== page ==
Building on remote education and wellbeing initiatives, institutions and community organizations worked to mitigate the impacts of COVID-19 through an equity lens. For some children in Bhutan, access to online education is not reliable or possible in remote communities. Some households also do not have access to the internet or TV. In response to this, the MoE released the Self-Instructional Materials (SIM), an alternative print resource for youth who do not have access to internet, TV, or e-learning facilities.10 The theme of this initiative was ‘Reaching the Unreached’ and was intended to help 16,884 youth who did not have access to e-learning platforms.11 This gave students the opportunity to continue their education and was an effort to limit the impacts these students could face due to school closures. 

For students who did have access to e-learning platforms, families now had to pay increased data plans in order to allow their children to use online resources, which became a financial burden for some households. To ensure the cost of data is not a barrier to students’ access to lessons, the MoE announced an initiative to provide 60% additional data for devices used by students.12 By increasing options and access to remote learning opportunities, students saw more opportunities to continue their education.

View this post on Instagram

A post shared by Ministry of Education, Bhutan (@sherig.bhutan) on May 1, 2020 at 10:44pm PDT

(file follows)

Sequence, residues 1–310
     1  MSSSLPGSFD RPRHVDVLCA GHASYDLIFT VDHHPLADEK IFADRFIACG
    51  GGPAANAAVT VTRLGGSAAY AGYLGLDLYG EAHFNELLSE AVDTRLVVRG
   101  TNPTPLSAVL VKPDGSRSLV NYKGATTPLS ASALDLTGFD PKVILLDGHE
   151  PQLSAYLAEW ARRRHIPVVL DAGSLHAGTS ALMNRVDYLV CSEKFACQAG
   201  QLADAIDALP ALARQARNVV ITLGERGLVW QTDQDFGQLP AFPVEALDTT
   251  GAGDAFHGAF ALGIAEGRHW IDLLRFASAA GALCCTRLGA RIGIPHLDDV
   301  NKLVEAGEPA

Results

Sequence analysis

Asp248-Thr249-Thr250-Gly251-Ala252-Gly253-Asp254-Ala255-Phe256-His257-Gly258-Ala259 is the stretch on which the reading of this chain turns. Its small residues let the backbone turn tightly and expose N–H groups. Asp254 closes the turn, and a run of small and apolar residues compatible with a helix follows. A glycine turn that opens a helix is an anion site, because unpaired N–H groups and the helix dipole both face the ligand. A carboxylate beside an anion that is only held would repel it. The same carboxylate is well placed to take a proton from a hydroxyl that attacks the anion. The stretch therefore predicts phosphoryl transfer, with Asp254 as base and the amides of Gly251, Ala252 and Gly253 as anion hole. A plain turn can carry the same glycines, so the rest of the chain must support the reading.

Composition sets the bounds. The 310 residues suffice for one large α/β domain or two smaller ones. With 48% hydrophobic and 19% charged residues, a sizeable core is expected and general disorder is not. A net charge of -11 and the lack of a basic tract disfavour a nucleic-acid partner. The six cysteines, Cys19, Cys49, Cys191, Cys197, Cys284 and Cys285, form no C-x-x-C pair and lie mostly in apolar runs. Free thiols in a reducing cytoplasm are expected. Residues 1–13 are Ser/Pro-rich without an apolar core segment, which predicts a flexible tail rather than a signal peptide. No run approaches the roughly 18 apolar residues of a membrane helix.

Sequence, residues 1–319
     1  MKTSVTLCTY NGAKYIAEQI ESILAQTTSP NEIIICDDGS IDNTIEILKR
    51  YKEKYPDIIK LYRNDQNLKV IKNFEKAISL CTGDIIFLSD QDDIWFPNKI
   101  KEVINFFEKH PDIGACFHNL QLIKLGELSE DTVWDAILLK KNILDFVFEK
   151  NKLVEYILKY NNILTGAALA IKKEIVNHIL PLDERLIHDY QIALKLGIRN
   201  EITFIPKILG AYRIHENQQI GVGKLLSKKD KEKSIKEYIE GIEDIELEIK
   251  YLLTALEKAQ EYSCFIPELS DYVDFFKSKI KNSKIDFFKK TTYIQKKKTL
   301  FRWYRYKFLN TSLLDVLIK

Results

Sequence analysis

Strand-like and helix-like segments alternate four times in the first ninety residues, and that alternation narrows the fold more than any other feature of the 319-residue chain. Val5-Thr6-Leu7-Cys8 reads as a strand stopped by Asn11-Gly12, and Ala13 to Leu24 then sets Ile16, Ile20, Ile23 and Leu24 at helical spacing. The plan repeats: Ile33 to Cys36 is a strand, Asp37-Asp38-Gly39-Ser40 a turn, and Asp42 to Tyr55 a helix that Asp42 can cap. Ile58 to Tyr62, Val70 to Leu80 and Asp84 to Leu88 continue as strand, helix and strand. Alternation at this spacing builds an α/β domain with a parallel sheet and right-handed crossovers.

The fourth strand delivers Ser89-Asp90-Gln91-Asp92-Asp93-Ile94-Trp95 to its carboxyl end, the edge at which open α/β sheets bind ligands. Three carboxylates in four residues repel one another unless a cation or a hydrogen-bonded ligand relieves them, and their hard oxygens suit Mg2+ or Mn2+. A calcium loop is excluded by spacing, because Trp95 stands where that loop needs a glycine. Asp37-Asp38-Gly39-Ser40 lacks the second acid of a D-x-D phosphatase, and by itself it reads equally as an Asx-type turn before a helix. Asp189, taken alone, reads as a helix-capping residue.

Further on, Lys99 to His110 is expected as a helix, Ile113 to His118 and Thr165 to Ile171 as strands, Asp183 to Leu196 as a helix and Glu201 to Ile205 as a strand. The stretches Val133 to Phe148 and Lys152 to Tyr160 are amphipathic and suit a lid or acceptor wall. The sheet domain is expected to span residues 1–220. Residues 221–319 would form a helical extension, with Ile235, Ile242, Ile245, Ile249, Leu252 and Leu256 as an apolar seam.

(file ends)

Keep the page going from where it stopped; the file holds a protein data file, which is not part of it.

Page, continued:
Launch of Self-Instructional Material by the Ministry of Education

Special education needs

The COVID-19 school closures also affected the access and quality of special education needs (SEN). During this crisis, children with special needs require even more support and resources as they were without the aid of their teacher and the resources from their classroom. Some parents and caregivers do not have the time or training to facilitate learning for children with special needs.13 To support vulnerable youth, Ability Society Bhutan (ABS) continued early intervention services via home visits where it was safe.14 These services in early childhood education can have a transformative impact on children with special needs. Although limited, the SEN initiatives that are operating provide pathways for children with disabilities to learn and decrease the post-COVID gaps in education due to inequities. 

Genedered lens

Another threat of COVID-19 schools closures is a potential to increase gendered gaps in education. While much of the world has not seen a crisis like this in many decades, there are lessons learned from the Ebola crisis in 2014. In places with extreme poverty, girls disproportionately faced increased dropout rates that lead to an increased rate of sexual exploitation, early pregnancy and forced marriage.15 Ebola hit some of the least developed countries where completion of education is already difficult, which is vastly different from the context in Bhutan. Still, there are local CSOs advocating to prevent the gendered impacts of COVID-19. NCWC and UNDP Bhutan released a campaign called #BeatCovidWithHer.16 This campaign aimed to protect women facing gender based violence and to increase awareness of the unequal share of domestic responsibilities. Young girls may have limited time to focus on their studies due to increasing domestic and caring responsibilities. In worsening economics they may even have to drop out to support the family to generate income.17 The gendered impacts of school closures would need to be studied further, but the work of this campaign shows a commitment to look at the impact of this pandemic through a gendered lens.